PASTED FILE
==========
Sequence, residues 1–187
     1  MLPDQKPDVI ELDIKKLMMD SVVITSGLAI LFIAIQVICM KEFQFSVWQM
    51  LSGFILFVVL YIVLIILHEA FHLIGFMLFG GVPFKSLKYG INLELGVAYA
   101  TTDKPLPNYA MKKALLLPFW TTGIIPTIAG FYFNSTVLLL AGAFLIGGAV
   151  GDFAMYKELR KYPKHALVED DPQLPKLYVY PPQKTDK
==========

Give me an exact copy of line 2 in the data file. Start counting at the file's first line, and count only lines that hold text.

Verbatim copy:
     1  MLPDQKPDVI ELDIKKLMMD SVVITSGLAI LFIAIQVICM KEFQFSVWQM